In 1959, when I was seventeen, I had
the debatable privilege of meeting Cliff Richard. We had only a brief chat – about what I don’t
recall, or care to – but it may be significant that the boy has never looked
back since then.
If it is, can you ever forgive
This week, more than half a
century later, Cliff – known to his intimates as Sir Cliff – has announced a
landmark event: the imminent release of his one hundredth album. Modestly titled ‘The Fabulous Rock ‘n’ Roll
Songbook’, it will include new interpretations of Elvis Presley’s Teddy Bear, Little Richard’s Rip It Up and Buddy Holly’s Rave On.
No fabulous new Cliff songs, then, just some fabulous regurgitated hits
from yesteryear, transformed by Cliff’s inimitable treatment.
Perhaps that’s what happens when
you are seventy-two, as Cliff is, although thanks to a revivifying regime involving
regular physical exercise, ten pills a day and an unshakeable devotion to his
Lord and Saviour, he looks only marginally older than he did the day we met. Don’t look too closely, mind.
You’re probably not dying to know how I came to meet this
perky Peter Pan of Pop but I’ll tell you anyway. I was a (reluctant) member of a church youth
club in Hackney called the 59 Club, reflecting the year of its founding. The brainchild of one of the church’s curates,
Father John Oates, the 59 Club became celebrated across London, and perhaps
beyond, a tribute to the founder’s very evident talent for promotion, and its
opening night turned out to be something of an East End event, attended by Cliff
himself (who had already recorded his first two hits Move It and Livin’ Doll)
and an impressive assortment of entertainers and celebrities, among the latter Princess
Margaret. (The 59 Club still exists, by
the way, as a biker club, the legacy of Father Oates’s boss, the church’s speed-loving
leather-clad vicar, the Reverend William Shergold.)
My opinion of Cliff today, my
taste in many matters having changed radically, is little altered from what it
was fifty-five years ago, when I was at an impressionable and deferential age. He was
awful then, and he’s awful now.
To be fair, he seemed in casual
conversation a pleasant enough fellow, with a ready smile and a line in ‘cool’
chat. But he also came across as terribly
ardent, almost unctuous in his desire to please, and the ingratiating manner
may be even be worse now, every simpering gesture and cheery response suggesting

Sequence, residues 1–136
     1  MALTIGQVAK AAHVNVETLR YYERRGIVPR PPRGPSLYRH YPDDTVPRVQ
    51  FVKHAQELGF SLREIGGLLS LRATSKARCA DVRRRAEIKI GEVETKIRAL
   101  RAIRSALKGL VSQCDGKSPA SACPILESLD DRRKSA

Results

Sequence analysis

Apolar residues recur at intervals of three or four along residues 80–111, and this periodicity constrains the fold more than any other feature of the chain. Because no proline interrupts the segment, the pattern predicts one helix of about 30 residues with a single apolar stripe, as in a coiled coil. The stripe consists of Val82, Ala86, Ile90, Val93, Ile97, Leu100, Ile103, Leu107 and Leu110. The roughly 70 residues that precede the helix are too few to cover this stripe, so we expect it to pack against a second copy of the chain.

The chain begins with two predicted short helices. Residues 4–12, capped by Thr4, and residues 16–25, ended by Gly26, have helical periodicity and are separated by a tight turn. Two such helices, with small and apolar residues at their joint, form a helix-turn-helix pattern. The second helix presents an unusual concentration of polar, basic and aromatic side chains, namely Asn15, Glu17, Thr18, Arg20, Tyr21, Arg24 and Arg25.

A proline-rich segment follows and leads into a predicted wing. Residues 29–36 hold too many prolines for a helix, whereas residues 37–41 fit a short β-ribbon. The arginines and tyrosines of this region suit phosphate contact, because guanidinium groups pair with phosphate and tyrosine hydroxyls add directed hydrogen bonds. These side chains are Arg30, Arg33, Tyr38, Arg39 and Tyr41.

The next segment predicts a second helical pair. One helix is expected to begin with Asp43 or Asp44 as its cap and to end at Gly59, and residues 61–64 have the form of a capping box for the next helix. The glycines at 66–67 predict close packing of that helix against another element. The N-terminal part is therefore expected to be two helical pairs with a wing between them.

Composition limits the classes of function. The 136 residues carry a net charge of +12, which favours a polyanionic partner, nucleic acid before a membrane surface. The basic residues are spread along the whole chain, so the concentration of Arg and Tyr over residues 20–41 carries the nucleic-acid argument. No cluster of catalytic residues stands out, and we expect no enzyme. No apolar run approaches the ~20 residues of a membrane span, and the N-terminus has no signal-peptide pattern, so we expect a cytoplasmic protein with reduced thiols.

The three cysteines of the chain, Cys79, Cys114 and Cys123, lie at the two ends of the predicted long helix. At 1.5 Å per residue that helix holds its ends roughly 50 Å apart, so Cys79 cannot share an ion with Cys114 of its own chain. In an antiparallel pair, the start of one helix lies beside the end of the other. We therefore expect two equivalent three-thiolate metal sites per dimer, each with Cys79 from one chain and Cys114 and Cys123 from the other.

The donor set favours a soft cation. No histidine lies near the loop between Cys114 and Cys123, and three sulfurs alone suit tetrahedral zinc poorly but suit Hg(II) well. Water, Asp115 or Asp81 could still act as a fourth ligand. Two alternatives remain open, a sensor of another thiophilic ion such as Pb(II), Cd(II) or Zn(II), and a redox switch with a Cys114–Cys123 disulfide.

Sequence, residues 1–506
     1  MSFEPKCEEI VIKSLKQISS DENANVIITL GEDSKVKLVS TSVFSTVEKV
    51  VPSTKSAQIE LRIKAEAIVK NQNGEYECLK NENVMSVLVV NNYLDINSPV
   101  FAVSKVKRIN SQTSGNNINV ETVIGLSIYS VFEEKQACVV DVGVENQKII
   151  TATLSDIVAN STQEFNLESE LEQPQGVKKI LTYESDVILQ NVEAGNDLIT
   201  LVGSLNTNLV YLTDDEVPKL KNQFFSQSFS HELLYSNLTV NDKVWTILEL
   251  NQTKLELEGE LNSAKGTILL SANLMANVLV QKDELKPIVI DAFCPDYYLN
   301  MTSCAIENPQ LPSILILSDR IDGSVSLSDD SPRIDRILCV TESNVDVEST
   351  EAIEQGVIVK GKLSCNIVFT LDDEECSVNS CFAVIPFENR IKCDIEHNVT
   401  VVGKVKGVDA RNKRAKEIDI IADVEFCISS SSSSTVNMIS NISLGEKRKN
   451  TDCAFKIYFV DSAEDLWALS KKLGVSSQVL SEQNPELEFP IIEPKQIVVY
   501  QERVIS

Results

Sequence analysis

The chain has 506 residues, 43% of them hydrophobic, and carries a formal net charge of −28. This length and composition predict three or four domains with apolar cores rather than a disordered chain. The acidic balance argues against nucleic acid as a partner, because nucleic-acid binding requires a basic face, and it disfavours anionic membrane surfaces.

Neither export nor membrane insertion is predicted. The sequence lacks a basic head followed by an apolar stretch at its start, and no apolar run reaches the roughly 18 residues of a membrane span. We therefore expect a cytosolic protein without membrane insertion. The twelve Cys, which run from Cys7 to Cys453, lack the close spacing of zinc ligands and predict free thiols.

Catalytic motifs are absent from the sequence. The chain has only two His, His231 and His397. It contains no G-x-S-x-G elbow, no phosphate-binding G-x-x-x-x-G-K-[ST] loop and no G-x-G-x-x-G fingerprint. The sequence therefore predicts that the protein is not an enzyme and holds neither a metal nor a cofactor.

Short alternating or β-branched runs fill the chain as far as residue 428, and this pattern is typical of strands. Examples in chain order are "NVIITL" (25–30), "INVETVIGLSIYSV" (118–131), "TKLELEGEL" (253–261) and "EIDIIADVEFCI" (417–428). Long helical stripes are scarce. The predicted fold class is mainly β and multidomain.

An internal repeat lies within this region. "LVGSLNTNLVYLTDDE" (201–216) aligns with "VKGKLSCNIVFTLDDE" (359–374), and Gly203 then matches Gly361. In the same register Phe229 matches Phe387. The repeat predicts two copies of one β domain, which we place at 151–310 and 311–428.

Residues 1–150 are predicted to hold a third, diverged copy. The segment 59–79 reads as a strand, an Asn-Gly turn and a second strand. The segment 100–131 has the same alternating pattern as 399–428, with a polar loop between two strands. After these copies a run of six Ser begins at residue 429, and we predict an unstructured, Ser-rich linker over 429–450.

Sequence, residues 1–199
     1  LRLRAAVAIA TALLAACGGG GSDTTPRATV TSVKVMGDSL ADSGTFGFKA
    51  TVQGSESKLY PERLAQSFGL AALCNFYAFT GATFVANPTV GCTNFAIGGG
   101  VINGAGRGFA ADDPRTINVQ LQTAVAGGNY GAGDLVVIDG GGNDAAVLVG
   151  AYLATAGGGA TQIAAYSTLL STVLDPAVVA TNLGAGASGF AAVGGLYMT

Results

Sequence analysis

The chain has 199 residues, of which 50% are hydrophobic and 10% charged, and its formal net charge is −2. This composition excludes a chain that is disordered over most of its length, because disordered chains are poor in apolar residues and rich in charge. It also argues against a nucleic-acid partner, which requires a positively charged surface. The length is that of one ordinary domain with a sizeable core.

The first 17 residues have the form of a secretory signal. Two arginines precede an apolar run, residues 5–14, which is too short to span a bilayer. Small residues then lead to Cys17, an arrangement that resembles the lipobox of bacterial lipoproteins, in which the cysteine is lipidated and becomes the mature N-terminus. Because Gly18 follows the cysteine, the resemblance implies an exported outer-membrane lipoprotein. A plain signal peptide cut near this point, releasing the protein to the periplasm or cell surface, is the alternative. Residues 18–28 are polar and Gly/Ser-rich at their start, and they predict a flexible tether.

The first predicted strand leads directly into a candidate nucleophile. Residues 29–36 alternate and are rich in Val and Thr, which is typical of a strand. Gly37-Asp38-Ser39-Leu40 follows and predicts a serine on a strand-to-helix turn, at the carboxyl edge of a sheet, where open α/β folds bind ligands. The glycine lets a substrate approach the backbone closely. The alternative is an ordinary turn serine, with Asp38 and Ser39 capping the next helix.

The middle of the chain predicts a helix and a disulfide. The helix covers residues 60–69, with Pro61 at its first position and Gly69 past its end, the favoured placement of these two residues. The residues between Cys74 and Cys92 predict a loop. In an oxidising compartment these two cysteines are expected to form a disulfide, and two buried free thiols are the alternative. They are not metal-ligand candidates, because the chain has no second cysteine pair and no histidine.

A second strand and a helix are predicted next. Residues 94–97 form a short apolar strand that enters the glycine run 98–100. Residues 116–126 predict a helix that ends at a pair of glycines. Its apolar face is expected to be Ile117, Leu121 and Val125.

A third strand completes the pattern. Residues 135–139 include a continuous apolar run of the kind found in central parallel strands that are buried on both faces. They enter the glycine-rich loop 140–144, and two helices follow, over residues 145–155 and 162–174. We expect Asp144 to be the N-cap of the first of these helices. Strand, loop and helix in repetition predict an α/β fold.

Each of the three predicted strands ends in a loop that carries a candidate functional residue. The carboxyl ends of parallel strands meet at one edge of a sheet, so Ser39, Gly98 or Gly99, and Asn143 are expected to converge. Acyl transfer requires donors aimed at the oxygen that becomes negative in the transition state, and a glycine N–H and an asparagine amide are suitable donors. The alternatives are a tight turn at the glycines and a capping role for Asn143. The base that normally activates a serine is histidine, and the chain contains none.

an ingrained narcissism as mechanical as that programmed into the Stepford
And that speaking voice, slightly
husky, still doesn’t ring true. The origin
of the underlying accent (delete ‘under’ if you wish) is unidentifiable, neither
West End nor East End, nor any of the other Ends
with which I’m acquainted. He’s had
elocution lessons, I’ll warrant, because he verges on the well-spoken. But he only verges. It’s actually hard to tell what’s really
going on because he also insists on softening his Ts and introducing a vague
drawl in an effort to sound more American.
Once, early in his career, he yearned to make it big in America, and so
perhaps assumed that a mid-Atlantic twang would help. (He never did go down well in the biggest pop
music market, a source of regret by his own admission.)
Of his singing voice, the best
that can be said, or the best that I can say, is that it’s usually more or less
in tune. It might also be said that the
tunes are unfailingly tuneless. Performing
on stage Cliff valiantly injects his vapid personality into all of them, hard
rock numbers and soft ballads alike; the former he invests with the syncopated
‘coolness’ of gyrating hips and snapping fingers, a kind of parody of Mike
Myers, the latter with a kind of moonstruck skyward gaze that invites us to feel
I feel the pain alright.
But it isn’t felt by millions of
ladies of a certain age who loyally help to sustain Cliff’s show business
longevity, and in many cases do so, I imagine, to the amazement or at least bemusement
of their husbands. Star-struck teenagers
during his early years, they are now, as his dotage approaches, mind-struck
housewives. They have been stuck in a
time-warp, their powers of musical appreciation, and other powers besides,
evidently suspended while they endured the distracting tribulations of marriages,
childbirth, divorces, remarriages and abandoned careers. Oblivious to the evidence of Cliff’s lifelong
lack of interest in the Fair Sex, they long to turn back the clocks to that groovy
year when Cliff invited them to clamber, breathless and bikini-clad, aboard that
ubiquitous double-decker bus in Summer
Holiday, Cliff at the wheel, warbling merrily. What he planned to do with them when the bus
reached its destination I’ve forgotten and can’t imagine.
I’m prepared, charitably, to
congratulate Cliff for staying such a long course, and for achieving a century
of albums. But I think he ought to
consider taking a rest from his exertions.
Needless to say, he’s not getting any younger, doesn’t need any more
money – which means that, almost needless to say, he’s going to be wailing at
us for many more years to come.
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